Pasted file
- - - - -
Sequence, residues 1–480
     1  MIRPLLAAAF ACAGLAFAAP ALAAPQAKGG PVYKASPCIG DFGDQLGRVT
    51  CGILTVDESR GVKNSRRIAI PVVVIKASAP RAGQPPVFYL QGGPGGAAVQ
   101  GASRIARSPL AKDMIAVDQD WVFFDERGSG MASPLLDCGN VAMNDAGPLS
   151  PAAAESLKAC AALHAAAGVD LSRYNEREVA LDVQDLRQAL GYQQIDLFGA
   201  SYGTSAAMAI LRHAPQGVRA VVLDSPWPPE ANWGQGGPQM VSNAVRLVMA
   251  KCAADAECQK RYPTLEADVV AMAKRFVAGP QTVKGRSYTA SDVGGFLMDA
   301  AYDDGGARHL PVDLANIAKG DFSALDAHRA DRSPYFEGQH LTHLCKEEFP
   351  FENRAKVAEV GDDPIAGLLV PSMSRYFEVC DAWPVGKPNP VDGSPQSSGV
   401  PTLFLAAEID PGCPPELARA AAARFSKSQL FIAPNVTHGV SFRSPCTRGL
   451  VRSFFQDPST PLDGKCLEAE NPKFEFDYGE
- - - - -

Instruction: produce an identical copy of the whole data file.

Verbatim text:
Sequence, residues 1–480
     1  MIRPLLAAAF ACAGLAFAAP ALAAPQAKGG PVYKASPCIG DFGDQLGRVT
    51  CGILTVDESR GVKNSRRIAI PVVVIKASAP RAGQPPVFYL QGGPGGAAVQ
   101  GASRIARSPL AKDMIAVDQD WVFFDERGSG MASPLLDCGN VAMNDAGPLS
   151  PAAAESLKAC AALHAAAGVD LSRYNEREVA LDVQDLRQAL GYQQIDLFGA
   201  SYGTSAAMAI LRHAPQGVRA VVLDSPWPPE ANWGQGGPQM VSNAVRLVMA
   251  KCAADAECQK RYPTLEADVV AMAKRFVAGP QTVKGRSYTA SDVGGFLMDA
   301  AYDDGGARHL PVDLANIAKG DFSALDAHRA DRSPYFEGQH LTHLCKEEFP
   351  FENRAKVAEV GDDPIAGLLV PSMSRYFEVC DAWPVGKPNP VDGSPQSSGV
   401  PTLFLAAEID PGCPPELARA AAARFSKSQL FIAPNVTHGV SFRSPCTRGL
   451  VRSFFQDPST PLDGKCLEAE NPKFEFDYGE